It adds strategy and athleticism
Each pair would have to move quickly to get the job done, there would be special technique to practice – possibly even special equipment. All of this would add intrigue and entertainment, and would belie the widely held opinion that “you don’t have to be fit to do archery.”
It would become a real team sport
I’ve heard mixed pairs at World Cup finals talk about how they never practice together, because essentially, they are shooting individually. The speed at which archers would need to swap places on the line would require dedication both to the round and to the team. The jeopardy added with the ticking clock would require archers to place even more trust in one another to get the job done.
It opens up opportunities for specialists
The mixed team event already opens the door at the Olympics for countries who didn’t qualify a full team to take a medal. Perhaps speed specialists would develop within individual countries’ squads.
It keeps bums on seats
If the last event at every major meet was the high-speed round, it would keep a live audience waiting and excited until the end.
It panders to audience expectations
This point is perhaps the most controversial. Like it or not (and I’m aware it’s mostly not) the general audience often expects to see something they’ve seen in the movies. They’re expecting pyrotechnics, moving targets and ludicrous ‘Hollywood’ archery.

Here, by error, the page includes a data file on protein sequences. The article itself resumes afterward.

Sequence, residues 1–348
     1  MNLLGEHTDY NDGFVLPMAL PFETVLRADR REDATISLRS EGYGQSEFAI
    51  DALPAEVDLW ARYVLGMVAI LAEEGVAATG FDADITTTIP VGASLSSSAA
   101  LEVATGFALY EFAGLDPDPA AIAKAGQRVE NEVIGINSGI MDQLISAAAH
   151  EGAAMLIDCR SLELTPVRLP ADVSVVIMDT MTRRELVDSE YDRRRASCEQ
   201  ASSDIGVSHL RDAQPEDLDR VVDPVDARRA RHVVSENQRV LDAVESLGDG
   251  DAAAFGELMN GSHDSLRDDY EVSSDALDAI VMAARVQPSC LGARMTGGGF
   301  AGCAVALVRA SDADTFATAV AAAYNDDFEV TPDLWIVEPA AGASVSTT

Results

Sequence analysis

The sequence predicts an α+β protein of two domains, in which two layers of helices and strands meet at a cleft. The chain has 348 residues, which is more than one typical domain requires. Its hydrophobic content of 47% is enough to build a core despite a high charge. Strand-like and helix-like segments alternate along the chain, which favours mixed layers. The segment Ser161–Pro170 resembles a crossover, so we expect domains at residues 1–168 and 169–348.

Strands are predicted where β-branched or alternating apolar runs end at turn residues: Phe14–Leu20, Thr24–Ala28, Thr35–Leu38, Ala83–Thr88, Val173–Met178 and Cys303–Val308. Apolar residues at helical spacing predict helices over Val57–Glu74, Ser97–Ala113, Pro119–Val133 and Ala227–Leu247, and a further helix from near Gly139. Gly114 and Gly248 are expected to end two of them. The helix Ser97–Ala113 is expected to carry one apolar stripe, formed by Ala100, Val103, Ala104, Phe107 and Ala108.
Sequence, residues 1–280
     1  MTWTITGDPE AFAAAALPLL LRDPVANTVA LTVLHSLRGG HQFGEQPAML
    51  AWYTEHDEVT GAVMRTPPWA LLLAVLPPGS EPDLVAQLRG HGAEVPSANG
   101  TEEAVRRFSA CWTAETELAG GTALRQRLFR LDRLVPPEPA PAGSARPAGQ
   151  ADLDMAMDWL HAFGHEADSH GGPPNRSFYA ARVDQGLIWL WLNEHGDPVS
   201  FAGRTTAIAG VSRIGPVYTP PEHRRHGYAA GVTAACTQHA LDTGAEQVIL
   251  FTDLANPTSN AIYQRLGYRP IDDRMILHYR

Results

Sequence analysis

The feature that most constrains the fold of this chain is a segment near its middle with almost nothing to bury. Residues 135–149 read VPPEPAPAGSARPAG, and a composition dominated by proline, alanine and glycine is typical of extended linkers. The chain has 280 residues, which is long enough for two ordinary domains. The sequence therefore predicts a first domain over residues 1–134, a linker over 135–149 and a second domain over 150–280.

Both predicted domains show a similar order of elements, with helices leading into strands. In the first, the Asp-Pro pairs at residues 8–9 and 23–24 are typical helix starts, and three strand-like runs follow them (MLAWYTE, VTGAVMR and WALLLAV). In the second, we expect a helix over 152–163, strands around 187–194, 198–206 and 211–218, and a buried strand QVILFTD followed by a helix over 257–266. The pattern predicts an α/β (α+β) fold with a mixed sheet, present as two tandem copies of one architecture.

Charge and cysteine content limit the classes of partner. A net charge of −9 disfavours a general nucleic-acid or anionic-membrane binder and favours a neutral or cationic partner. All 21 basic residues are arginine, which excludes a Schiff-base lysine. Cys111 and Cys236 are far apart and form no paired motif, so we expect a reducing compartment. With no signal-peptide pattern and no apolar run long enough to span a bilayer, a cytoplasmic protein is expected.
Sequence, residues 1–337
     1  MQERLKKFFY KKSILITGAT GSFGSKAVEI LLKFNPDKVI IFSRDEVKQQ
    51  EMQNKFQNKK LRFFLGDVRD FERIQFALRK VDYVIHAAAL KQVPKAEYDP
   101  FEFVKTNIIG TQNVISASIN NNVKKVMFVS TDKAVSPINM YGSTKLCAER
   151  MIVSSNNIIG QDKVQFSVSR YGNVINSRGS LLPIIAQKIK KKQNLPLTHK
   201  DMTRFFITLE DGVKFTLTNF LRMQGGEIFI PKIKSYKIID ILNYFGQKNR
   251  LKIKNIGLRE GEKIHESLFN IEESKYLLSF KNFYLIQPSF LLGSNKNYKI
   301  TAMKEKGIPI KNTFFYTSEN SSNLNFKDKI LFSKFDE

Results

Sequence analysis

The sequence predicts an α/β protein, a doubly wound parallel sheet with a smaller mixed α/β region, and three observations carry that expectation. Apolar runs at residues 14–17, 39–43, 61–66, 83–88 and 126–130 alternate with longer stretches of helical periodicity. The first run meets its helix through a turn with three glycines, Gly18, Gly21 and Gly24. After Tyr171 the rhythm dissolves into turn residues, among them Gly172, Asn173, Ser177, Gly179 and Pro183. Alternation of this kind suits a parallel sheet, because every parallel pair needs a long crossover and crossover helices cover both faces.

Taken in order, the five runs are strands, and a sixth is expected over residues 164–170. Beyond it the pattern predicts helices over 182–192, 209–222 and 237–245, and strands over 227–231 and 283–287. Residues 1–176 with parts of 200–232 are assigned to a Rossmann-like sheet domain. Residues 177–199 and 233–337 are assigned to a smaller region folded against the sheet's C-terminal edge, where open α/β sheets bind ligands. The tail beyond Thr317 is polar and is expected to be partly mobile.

I can also hear the scoffing of trad shooters reading this, thinking ‘Eight seconds an arrow? What? That’s easy!’. And of course, they’d be right. Getting sighted recurve and compound archers onboard would be much more difficult. When I proposed this idea to a handful of elite archers, whose blushes I shall spare, reactions ranged from “really difficult, but possible. But fun? Maybe.” to “You’d have to practice doing it even quicker.” to “You utter ******. It’s hard enough as it is.”
You may think that archery is archery and this kind of pandering to the non-archery audience is ridiculous, and that’s a very reasonable viewpoint to take. But archery has constantly developed new formats and rounds, indoor and out, over its competitive history, and it will continue to do so in the future.
New formats for TV? What about field?
Field archery, with its extra strategic elements, multiple angles, and target variety, could make for interesting TV viewing for the casual armchair sports fan. The finals of the World Field Championships in Cortina, with the dramatic final shot right up the Olympic ski slope, was likely the most interesting broadcast of the sport yet made.
Getting usable TV footage of field archery’s usual home – deep inside hilly woodland – is much more difficult, and the handful of televised 3D tournaments have ended up looking a little murky and flat when watched on the box – so far, anyway.
A hybrid of field archery and golf, shot on golf courses, might be a way forward for the sport. ‘Archery golf’ has been around for a while; but follows the latter sport more closely. Essentially, it would involve shooting from mark to mark, a sport that was widely practised in mediaeval England, and requires all-round skill with a bow.
Indeed, ‘roving marks’ archery has often been cited as a direct antecedent of golf. If the safety concerns could be allayed and the TV coverage was as spectacular as the Masters at Augusta – would you watch it?
So while this may be just blue sky thinking, I hope it’s giving you some ideas about how the sport could continue to develop. Have you got a much better new format idea for archery?
Send it in to the editor at firstname.lastname@example.org – and let’s see how we can take archery forward.